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India, Pakistan feud over whereabouts of vanished hijackers

The hijacked Indian Airlines jetliner sits on the tarmac at Kandahar, Afghanistan on Sunday, December 26, 1999  

January 3, 2000
Web posted at: 6:30 a.m. HKT (2230 GMT)

In this story:

Rivals also dispute hijackers' nationality

Search along mountain passes challenging


From staff and wire reports

ISLAMABAD, Pakistan (CNN) -- Five men who hijacked an Indian Airlines plane were still in hiding Sunday, while India and Pakistan feuded over their identities and whereabouts.

The hijackers and three freed Kashmiri militants were last seen driving from an Afghan airport on Friday after leaving a plane where they kept 155 people hostage for eight days.

VideoCorrespondent Maria Ressa reports that not all are happy with India's handling of a recent hijacking. (January 1)
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VideoThe pilot of the hijacked Indian Airlines jet describes his grim experience to CNN's New Delhi Bureau Chief Satinder Bindra. (January 1)
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Indian Airlines hijacking

Pakistan's foreign minister insisted on Sunday that the hijackers were not in Pakistan.

"I can tell you with full responsibility that the hijackers have not entered Pakistan," Abdul Sattar told editors of Pakistan's Urdu-language newspapers on Sunday.

"Under international (laws) dealing with hijacking, we will arrest them and put them before court," he said.

It was the latest Pakistani government denial of India's allegations that the hijackers and the militants whose release they secured from Indian jails had fled to Pakistan.

Rivals also dispute hijackers' nationality

Islamabad has also denied New Delhi's charge that the hijackers are Pakistanis.

Officials in Afghanistan, where the end-game of the hijacking was played out, and Pakistan, the closest escape route for the fugitives, both denied the group was on their soil.

In the southern Indian city of Madras, an associate of Indian Prime Minister Atal Behari Vajpayee on Sunday pressed the demand that Islamabad must arrest and hand over the hijackers.

"If Pakistan is really innocent as it pretends to be, let it hand over the hijackers, along with the militants, back to India and prove its innocence," Press Trust of India quoted Venkaiah Naidu, general secretary of Vajpayee's Bharatiya Janata Party, as saying.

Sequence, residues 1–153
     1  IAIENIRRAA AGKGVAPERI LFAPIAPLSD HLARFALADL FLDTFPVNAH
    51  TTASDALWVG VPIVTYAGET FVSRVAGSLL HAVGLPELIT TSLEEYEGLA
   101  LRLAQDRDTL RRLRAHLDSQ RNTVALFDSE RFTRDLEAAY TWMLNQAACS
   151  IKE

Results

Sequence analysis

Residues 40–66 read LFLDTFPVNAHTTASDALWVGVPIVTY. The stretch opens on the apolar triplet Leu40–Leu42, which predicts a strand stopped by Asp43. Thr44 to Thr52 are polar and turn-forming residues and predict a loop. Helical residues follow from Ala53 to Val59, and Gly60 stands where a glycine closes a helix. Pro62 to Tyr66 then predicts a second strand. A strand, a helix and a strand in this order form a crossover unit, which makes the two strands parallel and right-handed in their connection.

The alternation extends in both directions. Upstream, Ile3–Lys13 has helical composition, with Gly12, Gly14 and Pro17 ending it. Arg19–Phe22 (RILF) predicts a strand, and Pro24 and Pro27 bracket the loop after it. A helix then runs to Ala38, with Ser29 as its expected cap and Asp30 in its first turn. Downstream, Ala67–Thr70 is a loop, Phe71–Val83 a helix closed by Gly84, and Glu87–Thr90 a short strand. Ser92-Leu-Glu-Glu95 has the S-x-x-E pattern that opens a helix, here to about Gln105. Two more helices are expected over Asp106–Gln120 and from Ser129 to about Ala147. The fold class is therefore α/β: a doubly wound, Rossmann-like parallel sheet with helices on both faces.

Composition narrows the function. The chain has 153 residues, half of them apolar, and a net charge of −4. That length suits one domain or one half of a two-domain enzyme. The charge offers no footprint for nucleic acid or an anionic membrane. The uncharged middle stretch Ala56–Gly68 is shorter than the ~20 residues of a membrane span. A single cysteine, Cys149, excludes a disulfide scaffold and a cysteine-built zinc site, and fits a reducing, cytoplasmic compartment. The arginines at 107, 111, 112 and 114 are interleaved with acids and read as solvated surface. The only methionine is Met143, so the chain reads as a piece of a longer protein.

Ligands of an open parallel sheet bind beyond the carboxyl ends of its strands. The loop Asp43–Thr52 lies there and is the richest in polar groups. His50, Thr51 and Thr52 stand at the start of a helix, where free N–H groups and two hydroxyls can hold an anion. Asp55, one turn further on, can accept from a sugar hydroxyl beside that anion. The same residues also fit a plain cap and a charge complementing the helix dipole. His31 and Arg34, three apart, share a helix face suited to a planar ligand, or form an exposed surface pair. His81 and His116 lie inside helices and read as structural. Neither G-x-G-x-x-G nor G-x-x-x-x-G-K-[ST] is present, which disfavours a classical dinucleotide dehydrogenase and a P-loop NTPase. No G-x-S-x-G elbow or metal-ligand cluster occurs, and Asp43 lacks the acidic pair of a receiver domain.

Diplomats said that geographically and politically, the hijackers and the captives freed by India would most probably have headed for Pakistan or Pakistan-administered Kashmir.

Search along mountain passes challenging

The government of Pakistan insisted that border patrols were on a heightened lookout for them, but acknowledged that the search would be difficult.

The border between Pakistan and Afghanistan extends for more than 1,000 miles with many mountain passes where the hijackers could cross. The identify of the hijackers, who wore masks throughout the hijacking, remained unknown.

The December 24 hijacking of the Indian Airbus-300 during a flight from Katmandu to New Delhi sparked a war of words between bitter rivals India and Pakistan.

New Delhi voiced suspicions that the hijacking had been sponsored by Pakistani intelligence agencies. Islamabad in turn said the incident appeared to be the work of India's Research and Analysis Wing intelligence agency to defame Pakistan.

The two countries have fought three wars since their independence from Britain in 1947, two of them over the disputed Himalayan region of Jammu and Kashmir.

Reporter Peter Bergen and Reuters contributed to this report.

ASIANOW - Islamabad vows to arrest hijackers if they enter Pakistan
January 2, 2000
Taliban troops surround hijacked plane for 'security'
December 30, 1999
Indian negotiators open talks with hijackers
December 27, 1999
U.N. won't negotiate for India in hijacking, minister says
December 26, 1999
U.N. intervening in hijacked jet standoff
December 25, 1999
Hijacked Indian Airlines plane lands in Afghanistan
December 24, 1999
Pakistan's Sharif accused of conspiracy to kill, attempted hijacking
November 10, 1999

Pakistan homepage
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